April 23, 2017
The Good Word | Matt Winkeljohn
Once Cole Fiegel and Carlos Benito wrap up their college tennis careers, they’ll head in very different directions, yet Georgia Tech’s two seniors sort of chuckle when talking about starting out just about the same way on The Flats nearly four years ago after arriving from Alachua, Fla., and Madrid, Spain, respectively.
Benito and Fiegel will play their final home matches Sunday, when the No. 20-ranked Yellow Jackets (15-6, 7-4 ACC) play N.C. State on Senior Day at the Ken Byers Tennis Complex at noon unless Tech wins the right to host an NCAA regional in a few weeks.
“When I was a freshman, I was a mess,” recalled Benito. “The language wasn’t a help. It was time management, getting things done, and not waiting until the last minute.”
The same was true for Fiegel.
“When you first get here, you’re not really sure how to manage everything,” he said. “Definitely now I’m getting a lot more sleep than when I first got here, I was a mess. I would wait until the last night to study because that’s what I always did, then I would stay up the whole night and the next day at practice I’d be on like two or three hours of sleep.”
The Spaniard can hardly believe the time has come, while Fiegel is hardly thinking about it.
“Yeah, it’s crazy,” said Benito, who will graduate in a few weeks with a degree in business administration, and then return to Madrid. “These last four years have flown by so quickly.”
Neither player plans to try professional tennis. Fiegel has an internship this summer in Orlando, and will graduate in the fall with a degree in industrial engineering. He’s not focused on what’s left.
“Honestly, I feel like it’s something that’s going to hit me after it’s done because . . . even though we go into postseason after [Sunday], I still feel like we’re right in the middle of it,” said the 6-foot-3 left-hander. “Worst-case scenario, we have two post-season matches if we lose first round of ACCs and NCAAs or we could play another five or six weeks.
“Our goal is to be in the top 16 teams when the season ends, and then win our first two rounds in the NCAA and then we’re in the final 16 two weeks after that.”
Playing mostly at No. 2 and 3 singles, Benito is 16-17 this season and 77-71 in his career. He had an idea what was coming before arriving in Atlanta, as former teammate, family friend and fellow Spaniard Eduardo Segura recommended Tech. Once head coach Kenny Thorne began recruiting him, Benito didn’t take long to choose the Jackets.
“Eduardo Segura convinced me to come here,” he suggested. “I was playing some pro tournaments [as an amateur], and Kenny contacted me. I have two [top memories]: when I clinched on Eddie’s Senior Day [two years ago], and then against Virginia Tech in the quarters [of the ACCs]; it came down to my match last year.”
Fiegel, who is 21-15 this season at No. 4, 5 and 6 singles, and 80-63 in his career also chose Tech on the recommendation of other players, although his primary reason had nothing to do with tennis.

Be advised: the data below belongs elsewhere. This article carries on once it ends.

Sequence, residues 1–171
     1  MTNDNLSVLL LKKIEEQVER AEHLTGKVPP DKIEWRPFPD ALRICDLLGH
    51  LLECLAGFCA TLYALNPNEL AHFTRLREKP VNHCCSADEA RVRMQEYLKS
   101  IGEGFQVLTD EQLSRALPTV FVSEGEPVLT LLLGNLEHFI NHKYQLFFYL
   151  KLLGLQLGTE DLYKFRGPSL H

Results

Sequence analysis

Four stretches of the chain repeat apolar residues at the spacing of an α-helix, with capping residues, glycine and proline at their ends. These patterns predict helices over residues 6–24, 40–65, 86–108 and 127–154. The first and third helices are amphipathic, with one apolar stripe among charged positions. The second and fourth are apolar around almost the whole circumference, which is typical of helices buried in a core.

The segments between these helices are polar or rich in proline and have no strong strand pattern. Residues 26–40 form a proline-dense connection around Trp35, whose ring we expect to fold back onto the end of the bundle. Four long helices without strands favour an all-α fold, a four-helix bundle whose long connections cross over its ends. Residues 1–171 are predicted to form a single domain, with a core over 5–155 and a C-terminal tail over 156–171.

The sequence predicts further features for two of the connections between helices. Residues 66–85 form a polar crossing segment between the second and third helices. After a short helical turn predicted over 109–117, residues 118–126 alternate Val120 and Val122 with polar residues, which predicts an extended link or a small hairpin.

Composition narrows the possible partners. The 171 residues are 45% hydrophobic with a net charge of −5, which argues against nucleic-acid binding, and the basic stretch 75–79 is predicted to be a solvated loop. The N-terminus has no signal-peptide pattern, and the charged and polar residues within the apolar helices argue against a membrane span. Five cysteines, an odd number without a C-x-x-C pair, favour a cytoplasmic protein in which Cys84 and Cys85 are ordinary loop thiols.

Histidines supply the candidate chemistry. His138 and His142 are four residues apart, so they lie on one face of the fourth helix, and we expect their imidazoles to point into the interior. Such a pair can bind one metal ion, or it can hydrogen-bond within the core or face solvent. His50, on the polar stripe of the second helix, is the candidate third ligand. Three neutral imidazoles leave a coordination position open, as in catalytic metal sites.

“Top engineering school,” he said, simply. “I knew I wanted to do engineering.”
Tennis soon won’t be nearly as big a part of the lives of these young men as it has been for many years.
Benito will begin working in a master’s program in Madrid in September, seeking a graduate degree in management. He also wants to try to play as a professional in Padel, a racquet sport played indoors, with walls in play, on a court about one-third the size of a tennis court.
“I’ve been playing way too many years, and it’s time to give it up,” he said. “I’m going to keep playing tennis, and stay active. I’m not going to be sedentary.”
After his summer internship with Voxx, an automotive electronics company, Fiegel will take a rare vacation, heading to the Dominican Republic.
Then, back to Tech for one more semester and for the first time, tennis will not be front and center. He’ll play a little, but, “Not super competitively,” said Fiegel, who has a team-best doubles record of 22-6 this season. “It will be more recreational. My body’s kind of going to hang it up for a while.”
He’ll take with him powerful tennis memories.
“My freshman year, we were playing South Carolina when Casey [Kay] clinched the match for us before he had to get hip surgery. That was a big win for us because the year before I came, the team slipped out of the rankings and South Carolina was a top 25 team,” Cole said.
“That was a really cool experience because I had never been a part of a team win where you rush the court, and tackle the guy that wins the last match.”
Benito is looking forward to travel, for a change, but is also at times wistful.
“Yeah, I’m kind of bittersweet that I’m going to leave, and I’m not going to say forever, but I’m not going to see a lot of my teammates for a while,” he said. “But I’m looking forward to going home and being with my family, and friends.
The pair may be heading in different directions but they share the commonality of forever being Yellow Jackets.